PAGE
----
Last night, a friend and I were driving down the highway in a red Buick, long in the front and cutting through the night like a shark.
(I know, I'm good.)
Anyway, we're talking about what you might expect when it's nearly midnight and you're on the highway. And then we're pulling into one of those gas stations - the kind that looks alive at night.
(I know, I'm good.)
Anyway, we come pulling in and this place looks like something out of a movie. Truckers are roaming around. There's a surly woman manning the coffee machines - or would that be womaneering the coffee machines? Anyway, you get the point. My friend, Jeff, is all, "Hey what's the freshest coffee?" And she's like, "They're all fresh, I just put them out." And Jeff says, "Which one do you recommend?"
Yeah, I know.
Anyway, this lady starts on about how, "Well, I guess that depends on what kind of coffee you like." All surly and I gave Jeff this Look which I hoped he read to mean, "Well, that wasn't very nice."
Jeff ended up going with the Sumatra, mainly because it had a Tiger on the label.
The whole place was alive. Full of characters. And it took me back to high school, to those late night drives that never had a purpose. Me, my friends - sometimes a girl - just doing nothing. Just to be out and alive and, well, young.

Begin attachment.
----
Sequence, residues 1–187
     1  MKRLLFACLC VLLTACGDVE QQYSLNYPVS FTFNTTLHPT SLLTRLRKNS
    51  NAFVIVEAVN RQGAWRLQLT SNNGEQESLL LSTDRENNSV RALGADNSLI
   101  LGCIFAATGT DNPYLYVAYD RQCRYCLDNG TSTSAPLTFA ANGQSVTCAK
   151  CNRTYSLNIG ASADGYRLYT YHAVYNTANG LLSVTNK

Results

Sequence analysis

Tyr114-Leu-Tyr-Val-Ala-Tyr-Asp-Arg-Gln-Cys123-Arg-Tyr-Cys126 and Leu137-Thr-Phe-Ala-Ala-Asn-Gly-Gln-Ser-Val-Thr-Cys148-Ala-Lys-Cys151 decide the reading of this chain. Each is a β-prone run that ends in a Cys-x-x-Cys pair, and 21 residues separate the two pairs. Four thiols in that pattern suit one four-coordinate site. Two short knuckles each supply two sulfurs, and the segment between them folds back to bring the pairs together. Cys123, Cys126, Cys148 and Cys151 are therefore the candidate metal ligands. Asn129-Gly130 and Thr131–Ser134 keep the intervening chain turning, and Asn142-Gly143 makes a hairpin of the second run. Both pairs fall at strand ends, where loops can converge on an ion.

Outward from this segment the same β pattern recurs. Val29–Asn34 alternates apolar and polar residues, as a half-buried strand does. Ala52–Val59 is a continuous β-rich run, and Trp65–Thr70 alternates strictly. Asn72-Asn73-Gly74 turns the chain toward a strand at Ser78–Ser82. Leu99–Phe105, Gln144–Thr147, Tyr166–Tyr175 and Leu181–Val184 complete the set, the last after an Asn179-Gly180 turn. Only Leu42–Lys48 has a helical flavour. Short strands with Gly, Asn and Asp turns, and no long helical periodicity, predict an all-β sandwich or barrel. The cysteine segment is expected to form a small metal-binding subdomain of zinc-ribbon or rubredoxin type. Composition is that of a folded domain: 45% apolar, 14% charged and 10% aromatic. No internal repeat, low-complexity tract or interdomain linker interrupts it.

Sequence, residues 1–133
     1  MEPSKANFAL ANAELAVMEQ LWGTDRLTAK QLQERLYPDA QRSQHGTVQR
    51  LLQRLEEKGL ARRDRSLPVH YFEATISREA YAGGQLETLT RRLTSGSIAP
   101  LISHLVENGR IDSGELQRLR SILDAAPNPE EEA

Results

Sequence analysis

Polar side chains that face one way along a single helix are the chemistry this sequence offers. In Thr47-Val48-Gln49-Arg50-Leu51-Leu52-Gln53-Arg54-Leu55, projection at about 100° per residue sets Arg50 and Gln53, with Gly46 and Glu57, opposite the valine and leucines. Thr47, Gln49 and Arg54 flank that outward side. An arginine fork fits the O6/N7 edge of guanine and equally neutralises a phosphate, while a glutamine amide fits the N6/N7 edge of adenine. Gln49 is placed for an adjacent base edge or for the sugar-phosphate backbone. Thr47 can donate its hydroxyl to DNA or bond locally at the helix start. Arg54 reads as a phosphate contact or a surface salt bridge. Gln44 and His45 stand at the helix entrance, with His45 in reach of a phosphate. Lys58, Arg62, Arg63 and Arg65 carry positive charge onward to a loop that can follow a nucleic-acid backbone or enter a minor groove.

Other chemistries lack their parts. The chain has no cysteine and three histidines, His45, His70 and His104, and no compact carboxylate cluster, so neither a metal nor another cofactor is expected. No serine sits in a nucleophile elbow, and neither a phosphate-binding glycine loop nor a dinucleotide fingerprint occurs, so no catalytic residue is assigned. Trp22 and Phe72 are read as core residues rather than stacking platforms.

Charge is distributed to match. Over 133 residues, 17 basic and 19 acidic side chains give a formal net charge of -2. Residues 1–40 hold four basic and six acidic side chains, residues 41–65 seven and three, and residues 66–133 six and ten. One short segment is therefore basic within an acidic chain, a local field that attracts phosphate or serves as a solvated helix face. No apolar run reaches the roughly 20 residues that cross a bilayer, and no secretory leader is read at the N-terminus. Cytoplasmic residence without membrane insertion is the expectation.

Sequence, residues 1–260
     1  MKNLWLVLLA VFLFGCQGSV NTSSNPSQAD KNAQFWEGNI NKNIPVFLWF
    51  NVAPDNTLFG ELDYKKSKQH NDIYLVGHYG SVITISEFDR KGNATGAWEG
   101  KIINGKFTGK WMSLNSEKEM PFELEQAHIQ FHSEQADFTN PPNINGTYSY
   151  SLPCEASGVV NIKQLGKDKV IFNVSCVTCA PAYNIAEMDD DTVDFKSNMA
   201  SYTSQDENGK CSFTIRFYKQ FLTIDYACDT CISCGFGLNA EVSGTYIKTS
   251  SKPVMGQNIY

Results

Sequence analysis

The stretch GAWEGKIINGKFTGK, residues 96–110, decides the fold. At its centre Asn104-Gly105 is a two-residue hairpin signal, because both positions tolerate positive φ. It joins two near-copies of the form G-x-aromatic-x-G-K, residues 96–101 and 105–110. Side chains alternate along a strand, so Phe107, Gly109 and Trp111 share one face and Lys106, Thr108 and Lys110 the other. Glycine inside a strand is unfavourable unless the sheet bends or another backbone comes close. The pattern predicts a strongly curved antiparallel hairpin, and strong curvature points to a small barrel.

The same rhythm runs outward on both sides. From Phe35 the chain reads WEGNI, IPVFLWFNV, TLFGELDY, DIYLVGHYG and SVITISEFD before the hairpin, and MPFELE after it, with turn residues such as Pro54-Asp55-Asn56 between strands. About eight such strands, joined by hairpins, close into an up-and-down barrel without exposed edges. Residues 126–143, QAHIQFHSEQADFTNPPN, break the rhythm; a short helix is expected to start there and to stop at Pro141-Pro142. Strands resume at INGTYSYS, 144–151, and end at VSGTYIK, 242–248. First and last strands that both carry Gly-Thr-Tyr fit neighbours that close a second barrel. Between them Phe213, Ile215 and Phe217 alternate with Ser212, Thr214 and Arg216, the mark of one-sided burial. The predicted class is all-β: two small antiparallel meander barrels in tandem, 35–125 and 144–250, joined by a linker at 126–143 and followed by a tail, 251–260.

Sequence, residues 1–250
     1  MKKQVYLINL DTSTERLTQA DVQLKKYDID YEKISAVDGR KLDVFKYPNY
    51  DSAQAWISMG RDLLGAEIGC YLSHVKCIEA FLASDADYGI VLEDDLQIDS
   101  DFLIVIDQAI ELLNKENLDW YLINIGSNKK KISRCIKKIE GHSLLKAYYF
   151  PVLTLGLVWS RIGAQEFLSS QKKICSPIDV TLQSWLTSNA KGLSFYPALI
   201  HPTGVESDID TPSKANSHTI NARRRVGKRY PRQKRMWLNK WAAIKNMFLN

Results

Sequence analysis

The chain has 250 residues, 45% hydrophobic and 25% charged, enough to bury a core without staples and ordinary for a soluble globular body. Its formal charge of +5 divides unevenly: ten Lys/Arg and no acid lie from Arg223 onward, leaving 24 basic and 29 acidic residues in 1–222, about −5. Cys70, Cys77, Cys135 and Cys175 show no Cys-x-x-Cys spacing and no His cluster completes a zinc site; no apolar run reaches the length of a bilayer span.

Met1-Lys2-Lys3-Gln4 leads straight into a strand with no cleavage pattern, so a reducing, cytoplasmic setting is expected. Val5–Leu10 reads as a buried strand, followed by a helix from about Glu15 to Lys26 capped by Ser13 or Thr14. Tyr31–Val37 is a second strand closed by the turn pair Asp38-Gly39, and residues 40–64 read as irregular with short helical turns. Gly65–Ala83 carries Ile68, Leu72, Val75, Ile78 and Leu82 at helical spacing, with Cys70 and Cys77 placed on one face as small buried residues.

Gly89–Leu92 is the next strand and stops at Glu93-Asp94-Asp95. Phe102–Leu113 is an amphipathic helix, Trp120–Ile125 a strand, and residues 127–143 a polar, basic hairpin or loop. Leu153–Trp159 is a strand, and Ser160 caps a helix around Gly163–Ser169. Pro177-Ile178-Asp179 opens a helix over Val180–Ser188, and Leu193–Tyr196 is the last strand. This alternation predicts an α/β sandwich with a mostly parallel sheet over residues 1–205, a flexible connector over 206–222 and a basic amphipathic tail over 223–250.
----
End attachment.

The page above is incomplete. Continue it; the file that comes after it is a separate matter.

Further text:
As Jeff was getting a taco and some Corn Nuts, I said, "This is where things really happen, you know? This is the sort of place, in high school, where you kiss the girl. Where you make life decisions." And, granted, that's a bit overdone, but I really believe it's true.
None of my transformational moments happened on the side of a mountain, on a beach, or in any other sort of exotic location. They happened in 24-hour pancake houses, in restaurant parking lots, in the passenger seats of friend's cars.
And when I write YA fiction, I try to go back to those moments. I try to extract the importance in those mundane places. I try to remember what it's like to be young, to have just enough novelty left that a Pilot gas station is still a place of wonder. A place where something can happen.
I guess I'm talking about setting. And I guess I'm wondering if any of you have a strong sense of place in your writing, or maybe if you pick it up in the books you read. I guess I'm wondering if I'm the only one who walks into a truck stop and sees the people from my books - clutching half-warmed burritos - and thinks, "This is where the magic happens."